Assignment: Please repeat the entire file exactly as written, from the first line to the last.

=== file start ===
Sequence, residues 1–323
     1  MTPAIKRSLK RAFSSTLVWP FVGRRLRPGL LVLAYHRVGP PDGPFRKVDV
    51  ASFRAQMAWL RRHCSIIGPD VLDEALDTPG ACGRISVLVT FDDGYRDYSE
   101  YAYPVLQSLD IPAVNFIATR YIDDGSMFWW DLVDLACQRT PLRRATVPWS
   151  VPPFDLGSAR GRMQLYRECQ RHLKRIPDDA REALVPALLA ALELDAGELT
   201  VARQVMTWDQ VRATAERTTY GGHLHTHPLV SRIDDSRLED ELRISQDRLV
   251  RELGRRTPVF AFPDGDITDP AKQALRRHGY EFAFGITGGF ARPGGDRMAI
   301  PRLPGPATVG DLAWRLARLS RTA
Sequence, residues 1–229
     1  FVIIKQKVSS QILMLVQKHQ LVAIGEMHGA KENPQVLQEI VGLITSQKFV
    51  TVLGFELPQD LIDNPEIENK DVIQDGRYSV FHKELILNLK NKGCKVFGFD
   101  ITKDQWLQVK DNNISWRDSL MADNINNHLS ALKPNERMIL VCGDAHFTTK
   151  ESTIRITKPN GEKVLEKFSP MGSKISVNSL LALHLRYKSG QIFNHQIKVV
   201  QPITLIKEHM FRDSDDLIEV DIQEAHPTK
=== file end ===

Sequence, residues 1–323
     1  MTPAIKRSLK RAFSSTLVWP FVGRRLRPGL LVLAYHRVGP PDGPFRKVDV
    51  ASFRAQMAWL RRHCSIIGPD VLDEALDTPG ACGRISVLVT FDDGYRDYSE
   101  YAYPVLQSLD IPAVNFIATR YIDDGSMFWW DLVDLACQRT PLRRATVPWS
   151  VPPFDLGSAR GRMQLYRECQ RHLKRIPDDA REALVPALLA ALELDAGELT
   201  VARQVMTWDQ VRATAERTTY GGHLHTHPLV SRIDDSRLED ELRISQDRLV
   251  RELGRRTPVF AFPDGDITDP AKQALRRHGY EFAFGITGGF ARPGGDRMAI
   301  PRLPGPATVG DLAWRLARLS RTA
Sequence, residues 1–229
     1  FVIIKQKVSS QILMLVQKHQ LVAIGEMHGA KENPQVLQEI VGLITSQKFV
    51  TVLGFELPQD LIDNPEIENK DVIQDGRYSV FHKELILNLK NKGCKVFGFD
   101  ITKDQWLQVK DNNISWRDSL MADNINNHLS ALKPNERMIL VCGDAHFTTK
   151  ESTIRITKPN GEKVLEKFSP MGSKISVNSL LALHLRYKSG QIFNHQIKVV
   201  QPITLIKEHM FRDSDDLIEV DIQEAHPTK